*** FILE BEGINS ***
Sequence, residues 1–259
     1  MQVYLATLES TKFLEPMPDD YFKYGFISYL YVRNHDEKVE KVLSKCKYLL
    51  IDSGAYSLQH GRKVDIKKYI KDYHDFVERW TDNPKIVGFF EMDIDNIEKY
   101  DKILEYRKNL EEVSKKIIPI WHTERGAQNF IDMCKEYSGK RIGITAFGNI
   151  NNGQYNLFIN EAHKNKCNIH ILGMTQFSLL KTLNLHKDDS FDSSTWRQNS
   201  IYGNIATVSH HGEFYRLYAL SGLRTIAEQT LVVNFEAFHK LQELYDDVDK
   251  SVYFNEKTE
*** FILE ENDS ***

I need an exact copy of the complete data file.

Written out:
Sequence, residues 1–259
     1  MQVYLATLES TKFLEPMPDD YFKYGFISYL YVRNHDEKVE KVLSKCKYLL
    51  IDSGAYSLQH GRKVDIKKYI KDYHDFVERW TDNPKIVGFF EMDIDNIEKY
   101  DKILEYRKNL EEVSKKIIPI WHTERGAQNF IDMCKEYSGK RIGITAFGNI
   151  NNGQYNLFIN EAHKNKCNIH ILGMTQFSLL KTLNLHKDDS FDSSTWRQNS
   201  IYGNIATVSH HGEFYRLYAL SGLRTIAEQT LVVNFEAFHK LQELYDDVDK
   251  SVYFNEKTE